many have even returned their drugs because of the poor quality.

Aggie Adamczyk, a spokeswoman for Health Canada, said that the agency has a 
contract with Prairie Plant Systems of Flin Flon, Man., that runs through 
December 2005, and is "presently meeting all of the government of Canada's 
needs." Ms. Adamczyk said that Health Canada "will not pursue another 
contract" with a private supplier of marijuana.

"Carasel's strategy is not currently within Health Canada's policy," she 
said, adding that the Ontario Court of Appeal's ruling last fall did 
instigate some policy changes. Among them, Ms. Adamczyk said, was the 
elimination of a restriction that prevented single-customer pot growers 
from making money off their crop.

Ron Marzel, a lawyer representing the 30 people who want to use Carasel as 
their supplier, said his clients were all licensed medical marijuana users, 
many of them suffering from diseases such as multiple sclerosis and AIDS.

"There's a lot of greater interest" in this case, Mr. Marzel, of the law 
firm Marzel and Associates, said, adding that this was the first challenge 
to Health Canada's medicinal marijuana policy since the Court of Appeal ruling.

But even if Carasel supporters win their case in federal court, the company 
could still have legal problems closer to home. Gladys Weinstein, a retired 
chartered accountant who lives with her daughter, Caren, up the street from 
the site, said she would take the company to court "if necessary," should 
their presence in her neighbourhood lower her home's value.

Ms. Weinstein said she would petition the city to lower her property taxes 
if she proved her home lost value as a result of the marijuana grow-op's 
presence, and said she would also go after Carasel for the difference in 
lost property value.

"You pay for what you do," she said. "We all do."

Prior to yesterday's raid, Smiths Falls police indicated they did not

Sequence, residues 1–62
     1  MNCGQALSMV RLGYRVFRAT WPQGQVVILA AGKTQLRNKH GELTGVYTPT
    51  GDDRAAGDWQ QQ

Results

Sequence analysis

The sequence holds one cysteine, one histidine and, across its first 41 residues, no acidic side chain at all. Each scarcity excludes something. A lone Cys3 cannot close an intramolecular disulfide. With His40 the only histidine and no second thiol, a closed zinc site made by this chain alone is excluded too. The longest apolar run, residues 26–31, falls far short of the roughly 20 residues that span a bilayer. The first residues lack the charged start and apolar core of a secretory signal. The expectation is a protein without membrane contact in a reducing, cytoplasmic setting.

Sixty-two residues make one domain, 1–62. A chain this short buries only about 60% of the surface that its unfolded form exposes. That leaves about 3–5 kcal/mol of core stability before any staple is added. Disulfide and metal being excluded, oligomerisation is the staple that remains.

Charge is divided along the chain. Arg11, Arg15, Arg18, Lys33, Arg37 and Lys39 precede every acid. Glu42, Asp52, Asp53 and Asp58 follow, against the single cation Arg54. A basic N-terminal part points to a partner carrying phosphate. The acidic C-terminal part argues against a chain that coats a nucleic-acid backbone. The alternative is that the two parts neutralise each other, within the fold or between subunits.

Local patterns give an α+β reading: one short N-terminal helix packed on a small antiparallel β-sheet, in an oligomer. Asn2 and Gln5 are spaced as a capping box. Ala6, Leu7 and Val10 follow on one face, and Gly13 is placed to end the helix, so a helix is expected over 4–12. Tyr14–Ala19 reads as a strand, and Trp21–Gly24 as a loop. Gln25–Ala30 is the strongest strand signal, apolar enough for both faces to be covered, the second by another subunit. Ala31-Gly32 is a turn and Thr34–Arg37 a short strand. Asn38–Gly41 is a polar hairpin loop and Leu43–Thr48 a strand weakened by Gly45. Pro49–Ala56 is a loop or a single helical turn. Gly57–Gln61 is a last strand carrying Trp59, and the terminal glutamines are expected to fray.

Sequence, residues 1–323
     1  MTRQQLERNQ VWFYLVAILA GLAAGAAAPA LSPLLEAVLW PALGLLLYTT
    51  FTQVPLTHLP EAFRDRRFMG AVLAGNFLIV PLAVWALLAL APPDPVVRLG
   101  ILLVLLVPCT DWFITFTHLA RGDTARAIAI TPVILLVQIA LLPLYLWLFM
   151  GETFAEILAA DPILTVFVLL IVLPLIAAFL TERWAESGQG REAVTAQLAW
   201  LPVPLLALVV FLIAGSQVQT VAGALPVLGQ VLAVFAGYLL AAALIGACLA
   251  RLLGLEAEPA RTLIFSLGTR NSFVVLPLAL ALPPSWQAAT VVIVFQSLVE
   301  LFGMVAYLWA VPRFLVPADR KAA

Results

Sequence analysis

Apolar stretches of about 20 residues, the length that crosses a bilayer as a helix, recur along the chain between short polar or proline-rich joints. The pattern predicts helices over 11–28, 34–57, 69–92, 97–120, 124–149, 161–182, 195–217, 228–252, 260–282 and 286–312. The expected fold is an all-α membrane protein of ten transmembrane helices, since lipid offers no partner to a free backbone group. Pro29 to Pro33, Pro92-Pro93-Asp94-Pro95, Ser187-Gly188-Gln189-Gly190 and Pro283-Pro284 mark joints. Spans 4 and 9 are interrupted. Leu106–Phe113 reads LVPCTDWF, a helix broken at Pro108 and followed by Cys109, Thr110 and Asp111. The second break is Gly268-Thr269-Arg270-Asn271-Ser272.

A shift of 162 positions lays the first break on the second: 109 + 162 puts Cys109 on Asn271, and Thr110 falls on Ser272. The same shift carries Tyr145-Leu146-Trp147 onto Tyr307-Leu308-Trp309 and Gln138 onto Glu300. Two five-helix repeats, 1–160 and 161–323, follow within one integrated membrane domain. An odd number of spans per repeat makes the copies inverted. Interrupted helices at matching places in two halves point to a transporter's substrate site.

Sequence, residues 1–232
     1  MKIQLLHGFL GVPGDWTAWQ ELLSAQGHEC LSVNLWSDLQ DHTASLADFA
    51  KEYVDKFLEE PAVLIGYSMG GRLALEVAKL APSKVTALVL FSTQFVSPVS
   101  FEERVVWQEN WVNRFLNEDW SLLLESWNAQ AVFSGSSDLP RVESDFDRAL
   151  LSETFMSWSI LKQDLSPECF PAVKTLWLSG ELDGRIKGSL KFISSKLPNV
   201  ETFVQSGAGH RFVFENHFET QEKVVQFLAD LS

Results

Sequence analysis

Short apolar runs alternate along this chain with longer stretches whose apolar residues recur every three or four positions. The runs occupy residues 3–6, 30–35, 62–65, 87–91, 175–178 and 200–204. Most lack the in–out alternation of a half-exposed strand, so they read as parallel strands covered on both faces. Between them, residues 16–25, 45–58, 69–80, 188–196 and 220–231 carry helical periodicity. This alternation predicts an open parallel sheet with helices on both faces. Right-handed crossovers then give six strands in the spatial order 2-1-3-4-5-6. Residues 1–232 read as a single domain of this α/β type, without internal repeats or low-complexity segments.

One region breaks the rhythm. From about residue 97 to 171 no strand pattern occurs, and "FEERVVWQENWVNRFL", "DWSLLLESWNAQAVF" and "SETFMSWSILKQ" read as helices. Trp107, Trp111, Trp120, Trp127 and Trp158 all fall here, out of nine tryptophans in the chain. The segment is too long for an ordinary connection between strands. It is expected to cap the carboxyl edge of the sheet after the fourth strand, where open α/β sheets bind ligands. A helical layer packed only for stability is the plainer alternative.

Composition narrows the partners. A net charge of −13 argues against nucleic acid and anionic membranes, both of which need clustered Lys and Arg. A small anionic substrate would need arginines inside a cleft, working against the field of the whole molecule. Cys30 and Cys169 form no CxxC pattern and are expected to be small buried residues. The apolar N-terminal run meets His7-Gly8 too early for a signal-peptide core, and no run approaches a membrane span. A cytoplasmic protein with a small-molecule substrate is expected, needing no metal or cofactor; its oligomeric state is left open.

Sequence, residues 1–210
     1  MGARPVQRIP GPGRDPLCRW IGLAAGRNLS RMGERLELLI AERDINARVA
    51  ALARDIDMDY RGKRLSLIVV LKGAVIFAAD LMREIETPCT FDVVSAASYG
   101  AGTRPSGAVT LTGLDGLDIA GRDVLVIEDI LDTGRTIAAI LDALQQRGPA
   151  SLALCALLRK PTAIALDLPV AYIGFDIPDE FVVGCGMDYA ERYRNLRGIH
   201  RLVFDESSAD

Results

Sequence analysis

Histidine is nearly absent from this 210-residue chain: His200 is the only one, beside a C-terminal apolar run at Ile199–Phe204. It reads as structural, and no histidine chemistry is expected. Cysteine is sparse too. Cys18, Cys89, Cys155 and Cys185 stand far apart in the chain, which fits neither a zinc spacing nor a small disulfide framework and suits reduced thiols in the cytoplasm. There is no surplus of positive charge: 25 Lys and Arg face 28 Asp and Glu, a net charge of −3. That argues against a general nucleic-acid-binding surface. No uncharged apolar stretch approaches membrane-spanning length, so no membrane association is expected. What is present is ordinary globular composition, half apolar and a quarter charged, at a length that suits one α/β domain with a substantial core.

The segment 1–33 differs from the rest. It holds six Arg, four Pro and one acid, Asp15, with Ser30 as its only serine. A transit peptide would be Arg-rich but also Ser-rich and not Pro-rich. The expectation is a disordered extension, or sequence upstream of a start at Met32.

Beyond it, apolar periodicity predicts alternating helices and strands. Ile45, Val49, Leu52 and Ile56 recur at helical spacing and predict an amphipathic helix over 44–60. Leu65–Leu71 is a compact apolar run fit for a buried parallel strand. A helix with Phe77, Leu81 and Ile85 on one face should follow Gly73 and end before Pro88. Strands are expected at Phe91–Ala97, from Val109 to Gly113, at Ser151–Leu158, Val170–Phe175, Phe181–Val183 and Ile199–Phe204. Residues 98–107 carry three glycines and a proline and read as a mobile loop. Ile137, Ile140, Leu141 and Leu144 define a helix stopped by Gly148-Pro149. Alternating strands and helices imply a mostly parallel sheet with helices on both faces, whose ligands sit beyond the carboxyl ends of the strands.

object to a legal marijuana operation in this town on the Rideau Canal, 80 
kilometres southwest of Ottawa.

"It's like any other business operating in town," said deputy police chief 
Pat Dolan. "If they meet the requirements and they're licensed and the 
zoning changes are done, it's like any business operating in town."

"So far, any dealings we have had with the town have been very positive," 
Ms. Klinck said the night before the raid.

Wendy Alford, a Smiths Falls town councillor who has been supportive of 
Carasel's plans, said she was disappointed by the way things turned out.

"I'm sure our chief of police did what he had to do," said Ms. Alford. "I 
do hope that Samantha Klinck can sort this out."

Wayne Brown, Smiths Falls' director of corporate services, said it was not 
unusual for businesses to begin setting up shop before all the licences are 
in place.

"We would allow a business to function for a period of time" if the 
business is expected to get a licence, Mr. Brown said. "It's not frequent, 
but it does happen. The only thing strange about this case is that it's a 
sensitive subject."

Mr. Brown added that he did not see any opposition to the grow-op on Smiths 
Falls city council, and added he was not opposed to a legal grow-op.

"If marijuana helps people get them through the day ... I don't have an 
aversion to having it in Smiths Falls.